A lovely day in the neighbourhood
One week after the election that changed the country
On May 21, federal election day in the Year 2022, I stood in a line outside my local polling booth at the Victorian College of Arts Secondary School (VCASS), a school my son had attended from Year 9 until Year 12, and it was a beautiful sunny day, maybe 17 degrees, the inner-city air strangely crisp, with the sense of us being balanced precisely on the edge of a change of season.
There was a little buzz in the air, and people chatted with each other, and chatted with the workers representing the various parties and independents, and everyone was calm and polite, even the those from the United Australia Party.
It is, of course, compulsory in our country to enrol to vote and to show up on election day (or at a pre-poll or to fill out a postal vote) but no-one in this queue was there under sufferance. People may have been fitting the task in between shopping and lunch, or between weekend sports and dinner, but there was no sense at all that they resented this mild, democratic obligation.
How different it seemed to the image portrayed in the media of an angry, divided nation disengaged from politics.
What we were disengaged from, I realised on that glorious day—with more certainty than I generally allow—is the political class itself, the politicians and the media, the journalists and the commentators, the business “leaders” and all the other wielders of power in our island nation. We were disengaged from the mindless media coverage of the election, which, during the previous six weeks, had descended into farce, dominated as it was by performative journalists looking to trip up the leader of the opposition to feed their narrative that he was unprepared for office and gaffe prone.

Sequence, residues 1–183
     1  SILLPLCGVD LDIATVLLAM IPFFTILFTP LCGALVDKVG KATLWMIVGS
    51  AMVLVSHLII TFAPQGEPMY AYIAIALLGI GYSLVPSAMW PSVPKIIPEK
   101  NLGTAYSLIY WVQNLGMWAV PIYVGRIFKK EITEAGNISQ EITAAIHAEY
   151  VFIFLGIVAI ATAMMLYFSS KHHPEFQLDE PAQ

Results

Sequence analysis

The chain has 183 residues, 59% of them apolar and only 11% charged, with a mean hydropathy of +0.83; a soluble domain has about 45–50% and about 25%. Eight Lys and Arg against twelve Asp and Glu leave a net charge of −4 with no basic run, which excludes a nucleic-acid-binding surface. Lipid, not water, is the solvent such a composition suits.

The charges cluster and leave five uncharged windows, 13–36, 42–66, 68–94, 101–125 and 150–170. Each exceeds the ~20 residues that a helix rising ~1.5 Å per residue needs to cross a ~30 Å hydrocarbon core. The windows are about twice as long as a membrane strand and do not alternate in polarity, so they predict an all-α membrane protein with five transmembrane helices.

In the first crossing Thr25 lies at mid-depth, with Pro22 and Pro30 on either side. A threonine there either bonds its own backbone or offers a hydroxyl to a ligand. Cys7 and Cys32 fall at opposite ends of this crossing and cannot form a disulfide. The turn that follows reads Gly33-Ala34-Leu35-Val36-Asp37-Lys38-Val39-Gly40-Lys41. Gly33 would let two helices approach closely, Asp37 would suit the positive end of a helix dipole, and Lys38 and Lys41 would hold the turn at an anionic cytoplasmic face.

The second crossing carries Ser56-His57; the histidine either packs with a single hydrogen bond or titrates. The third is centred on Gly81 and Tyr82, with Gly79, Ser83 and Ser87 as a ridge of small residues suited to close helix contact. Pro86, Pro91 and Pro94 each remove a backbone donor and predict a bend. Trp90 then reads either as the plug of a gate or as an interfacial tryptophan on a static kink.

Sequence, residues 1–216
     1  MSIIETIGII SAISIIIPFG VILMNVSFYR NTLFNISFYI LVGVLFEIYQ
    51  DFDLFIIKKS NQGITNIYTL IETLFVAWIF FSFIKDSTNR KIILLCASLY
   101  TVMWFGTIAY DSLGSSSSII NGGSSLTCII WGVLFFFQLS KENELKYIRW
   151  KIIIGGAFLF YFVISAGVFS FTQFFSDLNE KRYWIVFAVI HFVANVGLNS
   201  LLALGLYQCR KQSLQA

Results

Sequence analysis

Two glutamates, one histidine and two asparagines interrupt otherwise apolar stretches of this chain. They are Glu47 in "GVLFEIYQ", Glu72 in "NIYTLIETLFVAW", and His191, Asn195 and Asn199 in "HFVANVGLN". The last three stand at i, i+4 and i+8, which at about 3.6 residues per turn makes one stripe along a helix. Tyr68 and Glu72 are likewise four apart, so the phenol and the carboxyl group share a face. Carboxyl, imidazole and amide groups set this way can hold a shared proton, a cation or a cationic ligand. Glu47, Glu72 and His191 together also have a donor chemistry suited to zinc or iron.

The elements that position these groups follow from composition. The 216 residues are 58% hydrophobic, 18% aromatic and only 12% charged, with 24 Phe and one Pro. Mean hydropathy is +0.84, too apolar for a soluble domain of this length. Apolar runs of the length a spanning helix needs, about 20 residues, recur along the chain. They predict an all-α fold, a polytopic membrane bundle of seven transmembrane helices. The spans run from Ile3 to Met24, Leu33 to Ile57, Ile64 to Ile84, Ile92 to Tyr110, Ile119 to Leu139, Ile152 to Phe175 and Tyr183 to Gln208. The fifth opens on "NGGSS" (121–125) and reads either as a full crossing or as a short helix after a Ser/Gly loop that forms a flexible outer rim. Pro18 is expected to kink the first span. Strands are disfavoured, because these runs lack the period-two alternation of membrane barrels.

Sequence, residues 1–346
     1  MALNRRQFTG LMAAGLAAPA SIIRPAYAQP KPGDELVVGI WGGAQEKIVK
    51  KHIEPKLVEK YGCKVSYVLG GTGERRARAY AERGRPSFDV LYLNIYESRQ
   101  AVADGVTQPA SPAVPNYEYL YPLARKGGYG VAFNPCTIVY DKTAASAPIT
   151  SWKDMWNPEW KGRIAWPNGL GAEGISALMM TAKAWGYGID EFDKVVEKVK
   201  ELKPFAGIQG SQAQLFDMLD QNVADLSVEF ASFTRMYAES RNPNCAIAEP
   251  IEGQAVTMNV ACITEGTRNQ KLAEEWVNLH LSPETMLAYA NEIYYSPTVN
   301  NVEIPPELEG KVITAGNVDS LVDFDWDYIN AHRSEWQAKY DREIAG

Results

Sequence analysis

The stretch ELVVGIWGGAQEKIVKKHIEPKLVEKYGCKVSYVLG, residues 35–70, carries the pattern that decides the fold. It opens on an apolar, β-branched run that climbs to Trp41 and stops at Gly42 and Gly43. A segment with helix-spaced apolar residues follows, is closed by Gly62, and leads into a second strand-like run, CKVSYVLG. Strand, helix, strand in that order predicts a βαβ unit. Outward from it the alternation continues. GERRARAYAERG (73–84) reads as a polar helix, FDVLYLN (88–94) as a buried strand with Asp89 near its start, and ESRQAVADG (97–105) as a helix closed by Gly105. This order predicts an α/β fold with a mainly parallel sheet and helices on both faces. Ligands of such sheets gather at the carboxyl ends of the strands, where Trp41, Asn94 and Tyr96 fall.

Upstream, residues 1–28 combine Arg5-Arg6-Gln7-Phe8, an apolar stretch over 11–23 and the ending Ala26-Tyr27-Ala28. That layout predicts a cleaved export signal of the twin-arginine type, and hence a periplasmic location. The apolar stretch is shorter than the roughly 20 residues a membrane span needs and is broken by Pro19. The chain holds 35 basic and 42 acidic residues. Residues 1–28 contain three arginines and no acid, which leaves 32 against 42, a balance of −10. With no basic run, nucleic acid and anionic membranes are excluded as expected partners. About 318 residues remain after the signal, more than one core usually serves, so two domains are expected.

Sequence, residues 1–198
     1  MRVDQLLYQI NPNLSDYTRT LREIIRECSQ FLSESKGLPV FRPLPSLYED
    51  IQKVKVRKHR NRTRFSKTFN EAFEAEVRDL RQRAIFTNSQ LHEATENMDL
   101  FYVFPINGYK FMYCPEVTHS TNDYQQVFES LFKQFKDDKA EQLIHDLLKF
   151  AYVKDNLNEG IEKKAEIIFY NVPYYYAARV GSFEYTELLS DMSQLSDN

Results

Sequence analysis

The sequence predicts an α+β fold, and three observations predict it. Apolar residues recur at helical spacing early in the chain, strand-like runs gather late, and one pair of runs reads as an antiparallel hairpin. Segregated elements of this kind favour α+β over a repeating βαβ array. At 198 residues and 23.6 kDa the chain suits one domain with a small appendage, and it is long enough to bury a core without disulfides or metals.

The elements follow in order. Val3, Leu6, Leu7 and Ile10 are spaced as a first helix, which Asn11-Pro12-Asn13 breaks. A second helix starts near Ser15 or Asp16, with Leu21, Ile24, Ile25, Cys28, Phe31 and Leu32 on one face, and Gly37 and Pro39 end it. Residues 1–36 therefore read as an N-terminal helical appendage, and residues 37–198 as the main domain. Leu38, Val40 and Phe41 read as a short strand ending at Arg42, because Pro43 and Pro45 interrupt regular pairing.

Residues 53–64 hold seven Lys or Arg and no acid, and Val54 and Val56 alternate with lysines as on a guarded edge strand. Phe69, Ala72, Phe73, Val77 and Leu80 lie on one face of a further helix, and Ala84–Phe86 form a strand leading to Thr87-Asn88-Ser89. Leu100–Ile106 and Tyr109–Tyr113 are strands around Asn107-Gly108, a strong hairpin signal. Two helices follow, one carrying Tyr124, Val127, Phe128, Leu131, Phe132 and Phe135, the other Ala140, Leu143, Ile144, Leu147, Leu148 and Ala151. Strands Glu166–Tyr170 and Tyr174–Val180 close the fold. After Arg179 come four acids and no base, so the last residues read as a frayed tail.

Journalists like to fall back on arguments about their need to hold politicians accountable, to be neutral, balanced, fair—objective, if they are feeling particularly philosophical—and it doesn’t matter how often this ideal is breached in practice, they will dredge it up as the standard, and I think on some deep level they believe it to be true.
As former New York Times executive editor, Bill Keller has said, ‘I believe that in most cases [impartiality] gets you closer to the truth, because it imposes a discipline of testing all assumptions, very much including your own. That discipline does not come naturally. I believe journalism that starts from a publicly declared predisposition is less likely to get to the truth, and less likely to be convincing to those who are not already convinced.’
I don’t want to get into the depths of this complex argument, but I do wonder if once you convince yourself that your job is to be dispassionate around issues that are often quite literally matters of life and death—if not for you personally, then at least for the people on whom you are reporting—that once you assume the mindset that you will not engage on the rights and wrongs of a given matter, once you do all that, then I wonder if the only emotion left that is safe for you to express is cynicism.
As we stood queuing to vote last Saturday, we didn’t know, but we sensed, that the country was about to transform itself.
And forget all the usual cliches about the lucky country, the irony of that phrase, or any other interpretations that has been put upon it over the years: what we did to ourselves on Saturday 21 May 2022 we did on purpose. It was change that had built over at least a decade, and it was founded on the deliberate and deliberative actions of band of outsiders, and there was little luck involved.